Collected words from talks of Swami Tirtha


“Sri Chaitanya Mahaprabhu received all the vaishnavas, just as He had in previous years. The women, however, saw the Lord from a distance. The Lord again arranged for residential quarters of all the devotees and thereafter called them to partake the remnants of food offered to Lord Jagannatha. Shivananda Sena introduced his three sons to Chaitanya Mahaprabhu. Because they were his sons, the Lord showed the boys great mercy. Lord Chaitanya asked the youngest son’s name and Shivananda Sena informed the Lord that his name was Paramananda dasa. Once before when Shivananda Sena had visited Chaitanya Mahaprabhu at His residence the Lord had told him: “When this son is born, give him the name Puri dasa.” The son was in the womb of Shivananda’s wife, and when Shivananda returned home the son was born. The child was named Paramananda dasa in accordance with the Lord’s order and the Lord jokingly called him Puri dasa. When Shivananda Sena introduced the child to Sri Chaitanya Mahaprabhu the Lord put His toe in the child’s mouth.”[1]

That is quite an unusual communication. But you know the kids… Many times the kids know which part of the body to catch. If they are hungry, they know which part of the body of the mother to catch, and when they are hungry for spiritual benefit, they also know where to search foot dust.

“No one can cross over the ocean of Shivananda Sena’s good fortune, for the Lord considered Shivananda’s whole family His own. The Lord ate lunch in the company of all the devotees and after washing His hands and mouth He gave orders to Govinda: “As long as Shivananda Sena’s wife and children stay in Jagannath Puri”, He said “They must be given the remnants of My food.” There was a resident of Nadia (this is a part of Bengal) named Parameshvara who was a confectioner living near the home of Chaitanya Mahaprabhu. When the Lord was a boy He visited the house of Parameshvara again and again. The confectioner would supply the Lord with milk and sweetmeats and the Lord would eat them. Parameshvara had been affectionate toward the Lord since his childhood and he was one of those who came that year to see the Lord at Jagannath Puri. When he offered his obeisances to the Lord, he said: “I am that same Parameshvara.” Upon seeing him the Lord asked questions with great affection. He said: “Parameshvara, may you be blessed! It is very good that you have come here.” Parameshvara then informed the Lord, “Mukundara Mata has also come.” Hearing the name of Mukundara Mata, Lord Caitanya hesitated, but because of affection for Paramesvara, He did not say anything.”[2]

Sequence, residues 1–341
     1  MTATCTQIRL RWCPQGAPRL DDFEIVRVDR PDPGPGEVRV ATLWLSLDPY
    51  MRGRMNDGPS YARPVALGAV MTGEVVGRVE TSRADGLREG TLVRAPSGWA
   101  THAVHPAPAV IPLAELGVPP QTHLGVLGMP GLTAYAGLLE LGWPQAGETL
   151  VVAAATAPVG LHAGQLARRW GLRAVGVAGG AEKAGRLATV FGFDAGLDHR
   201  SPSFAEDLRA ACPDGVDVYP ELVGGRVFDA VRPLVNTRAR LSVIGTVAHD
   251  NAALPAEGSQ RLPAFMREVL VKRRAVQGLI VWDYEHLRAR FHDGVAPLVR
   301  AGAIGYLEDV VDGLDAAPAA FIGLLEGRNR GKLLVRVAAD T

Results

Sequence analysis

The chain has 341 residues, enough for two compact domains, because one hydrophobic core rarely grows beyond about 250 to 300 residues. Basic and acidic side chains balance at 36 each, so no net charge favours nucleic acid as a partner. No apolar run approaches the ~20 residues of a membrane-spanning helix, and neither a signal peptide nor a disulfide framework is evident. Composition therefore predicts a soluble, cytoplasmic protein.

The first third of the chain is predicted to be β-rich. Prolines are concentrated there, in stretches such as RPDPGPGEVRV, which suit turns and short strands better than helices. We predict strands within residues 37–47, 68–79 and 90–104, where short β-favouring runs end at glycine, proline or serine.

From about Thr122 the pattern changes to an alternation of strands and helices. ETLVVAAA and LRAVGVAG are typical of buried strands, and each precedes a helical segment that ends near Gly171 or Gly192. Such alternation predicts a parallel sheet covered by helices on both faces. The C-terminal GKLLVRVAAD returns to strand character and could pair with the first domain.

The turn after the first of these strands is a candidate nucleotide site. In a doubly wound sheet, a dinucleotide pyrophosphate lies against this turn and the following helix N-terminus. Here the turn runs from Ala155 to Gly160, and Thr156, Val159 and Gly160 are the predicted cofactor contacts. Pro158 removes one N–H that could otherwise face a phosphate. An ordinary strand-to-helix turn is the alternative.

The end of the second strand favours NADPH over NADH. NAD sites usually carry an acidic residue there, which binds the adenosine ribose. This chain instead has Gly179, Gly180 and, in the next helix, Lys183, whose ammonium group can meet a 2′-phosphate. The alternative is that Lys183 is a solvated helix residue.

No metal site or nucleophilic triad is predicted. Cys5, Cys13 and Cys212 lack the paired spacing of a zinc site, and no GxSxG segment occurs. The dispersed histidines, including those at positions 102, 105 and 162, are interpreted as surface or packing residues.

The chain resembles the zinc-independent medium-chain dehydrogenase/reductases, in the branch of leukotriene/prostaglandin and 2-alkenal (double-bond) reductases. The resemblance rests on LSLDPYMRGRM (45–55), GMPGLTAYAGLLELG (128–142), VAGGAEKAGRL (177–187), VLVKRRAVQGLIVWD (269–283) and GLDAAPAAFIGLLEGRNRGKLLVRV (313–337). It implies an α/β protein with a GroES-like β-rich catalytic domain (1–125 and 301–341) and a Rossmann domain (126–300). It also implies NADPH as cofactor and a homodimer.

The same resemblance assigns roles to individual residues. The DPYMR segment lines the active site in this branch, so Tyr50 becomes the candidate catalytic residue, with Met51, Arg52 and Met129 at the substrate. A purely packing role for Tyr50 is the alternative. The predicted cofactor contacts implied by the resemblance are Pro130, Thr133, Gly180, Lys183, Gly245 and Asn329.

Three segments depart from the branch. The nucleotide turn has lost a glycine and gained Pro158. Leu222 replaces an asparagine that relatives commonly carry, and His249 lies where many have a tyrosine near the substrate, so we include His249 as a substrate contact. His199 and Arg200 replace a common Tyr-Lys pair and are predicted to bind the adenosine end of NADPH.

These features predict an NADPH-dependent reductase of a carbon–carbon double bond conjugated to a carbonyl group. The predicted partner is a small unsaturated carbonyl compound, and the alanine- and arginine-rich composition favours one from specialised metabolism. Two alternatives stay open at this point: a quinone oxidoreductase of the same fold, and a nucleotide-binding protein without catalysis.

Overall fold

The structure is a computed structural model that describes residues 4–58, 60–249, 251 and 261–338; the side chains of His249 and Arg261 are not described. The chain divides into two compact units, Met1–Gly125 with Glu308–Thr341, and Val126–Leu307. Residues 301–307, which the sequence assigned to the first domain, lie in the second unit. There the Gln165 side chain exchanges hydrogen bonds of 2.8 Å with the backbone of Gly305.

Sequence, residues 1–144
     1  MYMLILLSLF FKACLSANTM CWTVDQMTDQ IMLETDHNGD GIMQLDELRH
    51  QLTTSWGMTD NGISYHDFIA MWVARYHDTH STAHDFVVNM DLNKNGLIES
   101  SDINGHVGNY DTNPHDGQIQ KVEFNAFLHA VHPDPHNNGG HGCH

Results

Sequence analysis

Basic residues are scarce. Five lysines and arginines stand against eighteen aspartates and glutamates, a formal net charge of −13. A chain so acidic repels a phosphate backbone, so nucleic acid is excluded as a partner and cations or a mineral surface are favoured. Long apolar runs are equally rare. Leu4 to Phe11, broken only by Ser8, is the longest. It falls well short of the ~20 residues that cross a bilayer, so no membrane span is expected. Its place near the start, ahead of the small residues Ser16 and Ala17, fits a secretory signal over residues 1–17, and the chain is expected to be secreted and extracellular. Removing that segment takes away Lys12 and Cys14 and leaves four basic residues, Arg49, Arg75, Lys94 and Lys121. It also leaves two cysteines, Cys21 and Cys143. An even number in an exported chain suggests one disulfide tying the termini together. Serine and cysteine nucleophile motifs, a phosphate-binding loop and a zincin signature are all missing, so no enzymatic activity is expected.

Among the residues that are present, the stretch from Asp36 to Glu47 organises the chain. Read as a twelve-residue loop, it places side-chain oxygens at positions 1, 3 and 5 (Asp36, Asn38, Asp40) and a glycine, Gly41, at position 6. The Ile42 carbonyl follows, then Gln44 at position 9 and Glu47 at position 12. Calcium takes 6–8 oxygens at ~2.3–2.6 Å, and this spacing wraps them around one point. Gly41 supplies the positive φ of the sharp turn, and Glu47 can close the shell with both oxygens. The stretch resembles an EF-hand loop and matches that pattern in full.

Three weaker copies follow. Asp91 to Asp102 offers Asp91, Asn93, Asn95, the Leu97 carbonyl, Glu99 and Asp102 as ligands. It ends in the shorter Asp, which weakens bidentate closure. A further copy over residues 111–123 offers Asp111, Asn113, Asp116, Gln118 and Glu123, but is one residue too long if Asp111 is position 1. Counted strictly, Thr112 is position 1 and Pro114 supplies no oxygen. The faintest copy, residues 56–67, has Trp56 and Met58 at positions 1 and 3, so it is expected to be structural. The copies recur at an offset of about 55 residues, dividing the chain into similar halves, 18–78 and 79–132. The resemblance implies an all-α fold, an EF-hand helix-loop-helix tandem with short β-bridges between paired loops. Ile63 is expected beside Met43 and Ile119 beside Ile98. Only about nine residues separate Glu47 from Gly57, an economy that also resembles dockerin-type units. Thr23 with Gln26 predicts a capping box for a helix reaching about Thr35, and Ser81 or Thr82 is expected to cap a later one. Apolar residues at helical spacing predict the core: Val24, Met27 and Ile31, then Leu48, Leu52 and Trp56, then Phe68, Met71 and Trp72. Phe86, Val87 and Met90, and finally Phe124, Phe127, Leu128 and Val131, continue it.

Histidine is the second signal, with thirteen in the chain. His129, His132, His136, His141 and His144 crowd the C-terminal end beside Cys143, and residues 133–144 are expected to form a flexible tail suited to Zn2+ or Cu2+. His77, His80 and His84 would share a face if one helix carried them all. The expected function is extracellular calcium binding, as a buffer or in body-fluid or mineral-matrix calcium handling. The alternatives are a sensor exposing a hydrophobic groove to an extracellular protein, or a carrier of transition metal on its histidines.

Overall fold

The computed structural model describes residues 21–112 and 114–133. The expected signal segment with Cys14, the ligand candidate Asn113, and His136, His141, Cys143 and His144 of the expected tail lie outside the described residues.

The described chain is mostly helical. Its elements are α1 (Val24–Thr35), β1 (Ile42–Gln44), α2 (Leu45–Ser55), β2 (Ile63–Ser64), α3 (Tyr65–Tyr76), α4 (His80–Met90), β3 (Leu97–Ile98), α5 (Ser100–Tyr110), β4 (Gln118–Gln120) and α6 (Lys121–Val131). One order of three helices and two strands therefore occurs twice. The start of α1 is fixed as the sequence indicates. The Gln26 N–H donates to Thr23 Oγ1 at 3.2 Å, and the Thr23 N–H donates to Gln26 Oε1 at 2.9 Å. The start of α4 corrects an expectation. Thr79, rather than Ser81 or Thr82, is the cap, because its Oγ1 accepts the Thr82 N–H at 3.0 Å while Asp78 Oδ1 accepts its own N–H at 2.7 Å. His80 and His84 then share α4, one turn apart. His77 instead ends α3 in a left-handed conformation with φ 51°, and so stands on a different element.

Why? It is said in the purport that a sannyasi is restricted from even hearing the woman’s name and Mahaprabhu conducted himself very strictly in His vow. And Parameshvara informed the Lord that his wife, Mukundara Mata, has also come with him. So, Mahaprabhu hesitated for a while but, as He was very affectionate to Parameshvara, He didn’t make any notes.

“An intimate relationship sometimes makes a person overstep formal etiquette. Thus Parameshvara actually pleased the Lord in His heart by his simple and affectionate behavior.”[3]

The other extreme of this situation is that familiarity breeds contempt. So, this is the nice version of the same, when an intimate connection makes you disobey the rules; and the other extreme is when too much closeness causes this: familiarity breeds contempt, disregard.

Did I tell you the story when Gurudev was playing chess with His disciple? Once he was playing chess with one of his favorite disciples. And it’s so happened that the disciple won. It’s quite an uneasy situation if you win against your master. But still, it happened. And Gurudev made only one small little remark, he said: “Don’t forget from whom you have learned how to play chess!”

And you see, this is a classical situation, it could have happened thousands of years before. Because in certain cases a disciple looks like better than the master – for example more successful, more famous, more powerful, with more achievements. The old acharya is sitting in a small hut, doing nothing, only chanting his japa and meditating on the Divine Couple, while the very active preacher disciples they go and conquer the whole world. Still, they should be informed: “Don’t forget from whom you have learned!” So, this is a beautiful classical situation and it is obvious that Gurudev was using practically all moments or events to instruct. Sometimes directly, sometimes indirectly; sometimes positively, other times, so to say “negatively”, but always very intensely achieving results. Sometimes very intensely.

[1] Chaitanya Charitamrita, Antya-lila, 12.42-50

[2] Chaitanya Charitamrita, Antya-lila, 12.51-59

[3] Chaitanya Charitamrita, Antya-lila, 12. 60

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